That is not the end of the story. The outer layers of the star feel less gravitational pull as they expand, making it easier for material to escape. If the star keeps expanding while maintaining constant surface speeds, eventually the material at the equator will fly off. We think some stars might be born spinning so fast that they do reach “breakup” during their hydrogen-burning lifetime.
Possible evidence for this picture comes in the form of hot, gaseous disks seen around some hot stars — the so-called “Be” stars, where B refers to the temperature spectral type and little “e” means that the star shows emission lines. We think gas at the equator of a fast rotating star gets nudged out of the photosphere and into orbit, pushing on material that left earlier until a little disk forms. The accompanying photo illustration is a real infrared image of such a gaseous disk we recently captured using the CHARA Interferometer on Mount Wilson. Occasionally amateur astronomers discover normal B stars that all of sudden become Be stars. But how can the gas disk appear so suddenly, within a few weeks? We someday hope to take a picture of this happening in real time with CHARA to find out.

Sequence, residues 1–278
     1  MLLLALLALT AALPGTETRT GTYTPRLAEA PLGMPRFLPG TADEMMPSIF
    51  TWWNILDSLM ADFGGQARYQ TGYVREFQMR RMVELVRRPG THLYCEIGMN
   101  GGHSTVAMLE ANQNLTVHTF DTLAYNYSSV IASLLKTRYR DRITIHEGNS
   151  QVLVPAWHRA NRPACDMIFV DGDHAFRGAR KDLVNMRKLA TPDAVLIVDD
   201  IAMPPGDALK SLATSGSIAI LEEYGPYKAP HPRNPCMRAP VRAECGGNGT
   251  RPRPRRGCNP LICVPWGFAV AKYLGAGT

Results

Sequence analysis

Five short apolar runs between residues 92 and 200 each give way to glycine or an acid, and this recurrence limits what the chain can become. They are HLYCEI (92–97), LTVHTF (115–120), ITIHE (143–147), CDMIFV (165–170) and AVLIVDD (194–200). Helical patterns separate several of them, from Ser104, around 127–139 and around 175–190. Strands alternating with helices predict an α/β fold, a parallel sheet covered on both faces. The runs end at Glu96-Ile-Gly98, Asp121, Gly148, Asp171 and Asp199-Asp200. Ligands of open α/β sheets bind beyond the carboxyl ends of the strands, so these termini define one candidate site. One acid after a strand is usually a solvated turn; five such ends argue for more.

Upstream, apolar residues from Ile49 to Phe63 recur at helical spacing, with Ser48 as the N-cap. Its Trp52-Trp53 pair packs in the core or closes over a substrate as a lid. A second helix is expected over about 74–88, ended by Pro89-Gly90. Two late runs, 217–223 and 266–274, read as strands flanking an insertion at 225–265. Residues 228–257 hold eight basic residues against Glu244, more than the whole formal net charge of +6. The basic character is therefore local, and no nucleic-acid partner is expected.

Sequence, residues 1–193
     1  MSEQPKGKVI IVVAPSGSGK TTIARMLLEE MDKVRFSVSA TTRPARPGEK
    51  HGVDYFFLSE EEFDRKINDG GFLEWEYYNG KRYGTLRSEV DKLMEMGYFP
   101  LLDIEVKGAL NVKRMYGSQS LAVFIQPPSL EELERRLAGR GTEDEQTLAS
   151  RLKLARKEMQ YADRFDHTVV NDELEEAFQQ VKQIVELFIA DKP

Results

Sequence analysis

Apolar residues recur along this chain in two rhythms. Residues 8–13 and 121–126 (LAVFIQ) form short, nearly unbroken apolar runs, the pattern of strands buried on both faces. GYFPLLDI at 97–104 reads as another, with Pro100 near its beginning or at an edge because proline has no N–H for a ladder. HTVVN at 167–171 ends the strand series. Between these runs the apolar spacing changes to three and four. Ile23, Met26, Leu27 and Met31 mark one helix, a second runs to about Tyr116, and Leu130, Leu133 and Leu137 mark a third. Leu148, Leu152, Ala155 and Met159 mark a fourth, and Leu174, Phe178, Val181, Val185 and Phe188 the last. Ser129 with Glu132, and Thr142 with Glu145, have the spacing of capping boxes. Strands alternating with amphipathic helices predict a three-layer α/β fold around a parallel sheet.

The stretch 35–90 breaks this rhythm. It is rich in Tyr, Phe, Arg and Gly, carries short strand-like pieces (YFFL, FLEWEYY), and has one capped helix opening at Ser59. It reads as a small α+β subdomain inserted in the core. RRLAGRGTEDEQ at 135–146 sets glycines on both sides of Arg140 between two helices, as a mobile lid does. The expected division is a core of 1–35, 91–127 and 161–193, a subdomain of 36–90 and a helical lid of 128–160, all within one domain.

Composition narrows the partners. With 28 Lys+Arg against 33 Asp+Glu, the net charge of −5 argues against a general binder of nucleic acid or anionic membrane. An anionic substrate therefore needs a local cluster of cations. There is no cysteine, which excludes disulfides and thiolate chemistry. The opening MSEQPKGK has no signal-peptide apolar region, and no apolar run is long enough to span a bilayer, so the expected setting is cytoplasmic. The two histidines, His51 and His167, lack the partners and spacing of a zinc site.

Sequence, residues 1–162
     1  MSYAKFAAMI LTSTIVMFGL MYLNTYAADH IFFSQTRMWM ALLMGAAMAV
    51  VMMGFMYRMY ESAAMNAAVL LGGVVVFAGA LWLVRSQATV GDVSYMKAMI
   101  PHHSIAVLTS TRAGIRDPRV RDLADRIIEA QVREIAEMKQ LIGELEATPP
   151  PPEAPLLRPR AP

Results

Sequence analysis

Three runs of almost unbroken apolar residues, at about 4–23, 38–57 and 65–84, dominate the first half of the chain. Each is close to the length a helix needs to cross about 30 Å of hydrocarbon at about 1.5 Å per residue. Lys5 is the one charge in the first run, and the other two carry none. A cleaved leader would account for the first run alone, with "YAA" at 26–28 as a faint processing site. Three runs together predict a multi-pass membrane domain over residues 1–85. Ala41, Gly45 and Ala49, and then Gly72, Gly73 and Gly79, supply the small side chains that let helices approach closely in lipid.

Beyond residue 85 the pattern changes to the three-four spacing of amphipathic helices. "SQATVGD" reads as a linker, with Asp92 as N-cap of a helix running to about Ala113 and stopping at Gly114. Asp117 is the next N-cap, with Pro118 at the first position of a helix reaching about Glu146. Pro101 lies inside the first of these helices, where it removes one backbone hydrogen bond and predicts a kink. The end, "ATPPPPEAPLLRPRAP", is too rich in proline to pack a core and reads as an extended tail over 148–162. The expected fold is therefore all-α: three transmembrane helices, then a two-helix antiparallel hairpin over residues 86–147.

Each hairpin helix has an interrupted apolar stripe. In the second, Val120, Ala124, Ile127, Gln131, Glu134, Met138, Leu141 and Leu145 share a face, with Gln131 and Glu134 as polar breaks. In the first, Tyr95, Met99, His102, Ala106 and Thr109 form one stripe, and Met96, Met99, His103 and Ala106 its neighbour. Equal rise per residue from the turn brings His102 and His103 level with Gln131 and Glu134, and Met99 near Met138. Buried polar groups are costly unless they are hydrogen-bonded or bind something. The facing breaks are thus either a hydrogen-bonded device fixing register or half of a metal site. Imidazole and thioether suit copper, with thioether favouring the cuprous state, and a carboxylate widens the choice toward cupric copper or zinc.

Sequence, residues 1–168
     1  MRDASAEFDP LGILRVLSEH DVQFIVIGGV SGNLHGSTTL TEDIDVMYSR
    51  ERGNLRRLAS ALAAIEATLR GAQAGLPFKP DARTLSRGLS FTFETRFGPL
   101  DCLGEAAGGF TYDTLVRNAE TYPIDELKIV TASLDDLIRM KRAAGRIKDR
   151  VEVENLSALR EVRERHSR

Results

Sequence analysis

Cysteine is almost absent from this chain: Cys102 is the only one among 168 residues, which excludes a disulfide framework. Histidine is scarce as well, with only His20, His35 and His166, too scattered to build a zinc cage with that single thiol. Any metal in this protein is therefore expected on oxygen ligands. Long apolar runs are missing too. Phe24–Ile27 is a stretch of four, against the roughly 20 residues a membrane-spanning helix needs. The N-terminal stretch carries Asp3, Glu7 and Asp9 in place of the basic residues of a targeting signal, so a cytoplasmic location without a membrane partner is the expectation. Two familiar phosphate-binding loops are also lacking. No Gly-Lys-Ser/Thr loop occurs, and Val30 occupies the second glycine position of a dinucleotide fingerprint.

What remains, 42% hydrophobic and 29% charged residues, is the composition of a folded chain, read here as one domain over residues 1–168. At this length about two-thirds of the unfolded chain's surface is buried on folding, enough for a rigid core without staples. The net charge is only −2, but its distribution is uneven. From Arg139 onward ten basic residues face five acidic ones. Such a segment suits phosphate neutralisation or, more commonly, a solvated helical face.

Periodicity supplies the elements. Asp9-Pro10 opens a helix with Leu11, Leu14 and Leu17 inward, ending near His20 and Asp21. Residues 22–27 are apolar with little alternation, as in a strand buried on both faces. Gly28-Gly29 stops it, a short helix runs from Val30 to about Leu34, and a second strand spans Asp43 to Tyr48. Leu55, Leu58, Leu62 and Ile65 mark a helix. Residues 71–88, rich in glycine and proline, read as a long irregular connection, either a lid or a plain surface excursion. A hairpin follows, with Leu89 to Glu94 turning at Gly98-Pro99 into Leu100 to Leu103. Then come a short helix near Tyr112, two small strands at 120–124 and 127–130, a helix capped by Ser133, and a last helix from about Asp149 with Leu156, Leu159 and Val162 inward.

University of Michigan